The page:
United States Postal Service

United States Postal Service
United States Postal Service Logo.svg
Logo used since 1993
USPS headquarters
Agency overview
FormedJuly 1, 1971 (1971-07-01)
Washington, D.C., U.S.[1]
Headquarters475 L'Enfant Plaza SW
Washington, D.C. 20260-0004 U.S.
Employees644,124 (503,103 career, 141,021 non-career) as of 2017[2]
Agency executives
Key document
Revenue (2017)Decrease US$ 69.636 billion
Net income (2017)Decrease US$ (2.742) billion[3]
The full eagle logo, used in various versions from 1970 to 1993

The United States Postal Service (USPS; also known as the Post Office, U.S. Mail, or Postal Service) is an independent agency of the executive branch of the United States federal government responsible for providing postal service in the United States, including its insular areas and associated states. It is one of the few government agencies explicitly authorized by the United States Constitution.

The USPS traces its roots to 1775 during the Second Continental Congress, when Benjamin Franklin was appointed the first postmaster general. The Post Office Department was created in 1792 from Franklin's operation. It was elevated to a cabinet-level department in 1872, and was transformed by the Postal Reorganization Act of 1970 into the United States Postal Service as an independent agency.[4]

The USPS as of 2017 has 644,124 active employees and operated 211,264 vehicles in 2014. This figure does not include the numerous vehicles and personnel used by contractors. The USPS is the operator of the largest civilian vehicle fleet in the world.[2] The USPS is legally obligated to serve all Americans, regardless of geography, at uniform price and quality. The USPS has exclusive access to letter boxes marked "U.S. Mail" and personal letterboxes in the United States, but now has to compete against private package delivery services, such as United Parcel Service, FedEx, and Amazon.[5]

Since the early 1980s, many of the direct tax subsidies to the Post Office, with the exception of subsidies for costs associated with the disabled and overseas voters, have been reduced or eliminated in favor of indirect subsidies, in addition to the advantages associated with a government-enforced monopoly on the delivery of first-class mail.[6] Since the 2006 all-time peak mail volume,[7] after which Congress passed the Postal Accountability and Enhancement Act[8] which mandated that $5.5 billion per year be paid to fully prefund employee retirement health benefits,[9] revenue dropped sharply due to recession-influenced[10] declining mail volume,[11] prompting the postal service to look to other sources of revenue while cutting costs to reduce its budget deficit.[12]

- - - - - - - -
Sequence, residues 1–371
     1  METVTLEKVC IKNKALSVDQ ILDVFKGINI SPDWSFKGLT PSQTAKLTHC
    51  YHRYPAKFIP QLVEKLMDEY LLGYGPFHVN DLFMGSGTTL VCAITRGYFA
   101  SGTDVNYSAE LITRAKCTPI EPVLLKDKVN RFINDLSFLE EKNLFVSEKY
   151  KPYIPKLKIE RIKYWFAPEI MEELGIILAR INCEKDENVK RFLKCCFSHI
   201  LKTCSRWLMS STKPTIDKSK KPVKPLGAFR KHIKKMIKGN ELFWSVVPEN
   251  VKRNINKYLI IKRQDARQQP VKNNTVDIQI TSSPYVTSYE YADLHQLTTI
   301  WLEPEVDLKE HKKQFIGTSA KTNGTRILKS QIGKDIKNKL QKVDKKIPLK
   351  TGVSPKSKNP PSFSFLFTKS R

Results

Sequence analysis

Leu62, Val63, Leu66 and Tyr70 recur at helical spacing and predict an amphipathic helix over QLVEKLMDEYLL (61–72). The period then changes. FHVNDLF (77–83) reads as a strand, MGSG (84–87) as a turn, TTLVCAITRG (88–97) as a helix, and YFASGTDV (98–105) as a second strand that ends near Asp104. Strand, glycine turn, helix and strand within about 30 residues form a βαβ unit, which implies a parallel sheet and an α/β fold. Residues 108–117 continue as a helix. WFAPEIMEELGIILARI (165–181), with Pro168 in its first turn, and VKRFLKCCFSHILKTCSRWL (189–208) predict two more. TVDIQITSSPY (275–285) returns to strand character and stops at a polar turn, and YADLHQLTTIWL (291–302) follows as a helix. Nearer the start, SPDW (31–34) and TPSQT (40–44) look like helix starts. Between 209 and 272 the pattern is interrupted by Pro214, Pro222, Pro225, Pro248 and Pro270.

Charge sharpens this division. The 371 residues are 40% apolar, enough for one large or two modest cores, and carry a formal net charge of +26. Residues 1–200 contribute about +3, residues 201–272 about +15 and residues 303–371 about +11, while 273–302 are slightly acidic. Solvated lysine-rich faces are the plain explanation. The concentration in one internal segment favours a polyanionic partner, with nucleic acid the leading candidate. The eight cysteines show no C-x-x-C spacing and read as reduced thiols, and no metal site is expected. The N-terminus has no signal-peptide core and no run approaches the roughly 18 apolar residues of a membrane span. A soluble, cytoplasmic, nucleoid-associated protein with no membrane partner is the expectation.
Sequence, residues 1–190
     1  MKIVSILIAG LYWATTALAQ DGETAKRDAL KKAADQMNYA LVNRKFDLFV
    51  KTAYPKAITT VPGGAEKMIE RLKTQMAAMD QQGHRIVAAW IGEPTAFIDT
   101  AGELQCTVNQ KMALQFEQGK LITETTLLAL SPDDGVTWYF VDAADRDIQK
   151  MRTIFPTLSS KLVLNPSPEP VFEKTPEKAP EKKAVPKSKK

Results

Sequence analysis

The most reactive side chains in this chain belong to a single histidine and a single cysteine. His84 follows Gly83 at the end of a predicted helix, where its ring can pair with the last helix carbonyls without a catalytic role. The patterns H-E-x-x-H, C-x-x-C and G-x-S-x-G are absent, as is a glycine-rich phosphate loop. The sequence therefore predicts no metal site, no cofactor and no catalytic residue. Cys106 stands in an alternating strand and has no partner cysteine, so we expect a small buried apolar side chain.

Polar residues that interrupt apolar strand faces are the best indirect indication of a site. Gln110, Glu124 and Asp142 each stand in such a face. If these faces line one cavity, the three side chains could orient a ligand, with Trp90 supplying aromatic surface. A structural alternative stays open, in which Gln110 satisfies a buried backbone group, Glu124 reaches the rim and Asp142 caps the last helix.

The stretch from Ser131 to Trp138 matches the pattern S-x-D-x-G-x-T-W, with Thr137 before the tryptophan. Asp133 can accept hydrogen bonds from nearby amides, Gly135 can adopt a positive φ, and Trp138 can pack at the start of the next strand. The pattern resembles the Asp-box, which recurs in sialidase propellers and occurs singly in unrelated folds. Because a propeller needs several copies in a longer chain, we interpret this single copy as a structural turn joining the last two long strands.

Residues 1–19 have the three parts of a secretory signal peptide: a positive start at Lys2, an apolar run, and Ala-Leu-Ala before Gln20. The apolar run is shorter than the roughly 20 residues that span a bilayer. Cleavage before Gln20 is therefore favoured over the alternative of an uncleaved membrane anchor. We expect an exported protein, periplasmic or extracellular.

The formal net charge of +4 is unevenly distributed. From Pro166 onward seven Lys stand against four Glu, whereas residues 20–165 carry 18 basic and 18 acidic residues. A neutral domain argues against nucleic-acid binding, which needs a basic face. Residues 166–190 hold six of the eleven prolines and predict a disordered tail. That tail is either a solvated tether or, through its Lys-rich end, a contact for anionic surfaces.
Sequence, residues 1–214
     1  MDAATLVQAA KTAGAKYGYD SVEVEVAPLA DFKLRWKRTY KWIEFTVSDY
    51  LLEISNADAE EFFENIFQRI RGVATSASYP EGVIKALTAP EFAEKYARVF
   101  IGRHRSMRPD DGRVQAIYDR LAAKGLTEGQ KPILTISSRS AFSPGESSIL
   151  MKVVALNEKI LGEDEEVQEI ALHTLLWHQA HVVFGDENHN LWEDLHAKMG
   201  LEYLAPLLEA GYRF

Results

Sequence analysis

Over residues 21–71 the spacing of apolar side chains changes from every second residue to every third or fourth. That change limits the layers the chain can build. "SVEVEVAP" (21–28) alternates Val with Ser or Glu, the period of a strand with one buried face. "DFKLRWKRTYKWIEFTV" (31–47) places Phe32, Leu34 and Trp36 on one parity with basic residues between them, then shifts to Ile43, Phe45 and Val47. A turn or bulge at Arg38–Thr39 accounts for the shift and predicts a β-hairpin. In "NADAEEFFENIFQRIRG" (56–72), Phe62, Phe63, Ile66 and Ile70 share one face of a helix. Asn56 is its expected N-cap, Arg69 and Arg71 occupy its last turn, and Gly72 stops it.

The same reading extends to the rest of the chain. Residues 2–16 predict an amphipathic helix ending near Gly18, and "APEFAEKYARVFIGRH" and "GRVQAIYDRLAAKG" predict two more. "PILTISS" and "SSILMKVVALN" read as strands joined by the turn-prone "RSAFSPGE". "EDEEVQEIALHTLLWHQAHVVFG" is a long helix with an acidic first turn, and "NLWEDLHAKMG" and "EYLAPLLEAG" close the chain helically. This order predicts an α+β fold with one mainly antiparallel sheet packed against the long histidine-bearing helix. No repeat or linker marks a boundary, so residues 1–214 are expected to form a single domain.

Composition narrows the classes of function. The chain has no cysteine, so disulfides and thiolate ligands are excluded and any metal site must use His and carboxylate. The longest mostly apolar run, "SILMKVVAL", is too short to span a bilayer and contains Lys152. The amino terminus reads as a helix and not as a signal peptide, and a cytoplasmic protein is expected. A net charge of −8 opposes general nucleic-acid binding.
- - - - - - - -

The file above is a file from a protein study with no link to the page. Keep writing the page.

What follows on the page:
On March 18, 1970, postal workers in New York City—upset over low wages and poor working conditions, and emboldened by the Civil Rights Movement—organized a strike against the United States government. The strike initially involved postal workers in only New York City, but it eventually gained support of over 210,000 United States Post Office Department workers across the nation.[13] While the strike ended without any concessions from the Federal government, it did ultimately allow for postal worker unions and the government to negotiate a contract which gave the unions most of what they wanted, as well as the signing of the Postal Reorganization Act by President Richard Nixon on August 12, 1970. The Act replaced the cabinet-level Post Office Department with a new federal agency, the United States Postal Service,[14] and took effect on July 1, 1971.[15]

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